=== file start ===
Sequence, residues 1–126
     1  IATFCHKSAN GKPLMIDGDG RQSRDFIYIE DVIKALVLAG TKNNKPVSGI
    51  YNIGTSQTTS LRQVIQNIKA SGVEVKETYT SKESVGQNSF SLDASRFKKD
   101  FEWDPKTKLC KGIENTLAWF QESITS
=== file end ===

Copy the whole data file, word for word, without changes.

Sequence, residues 1–126
     1  IATFCHKSAN GKPLMIDGDG RQSRDFIYIE DVIKALVLAG TKNNKPVSGI
    51  YNIGTSQTTS LRQVIQNIKA SGVEVKETYT SKESVGQNSF SLDASRFKKD
   101  FEWDPKTKLC KGIENTLAWF QESITS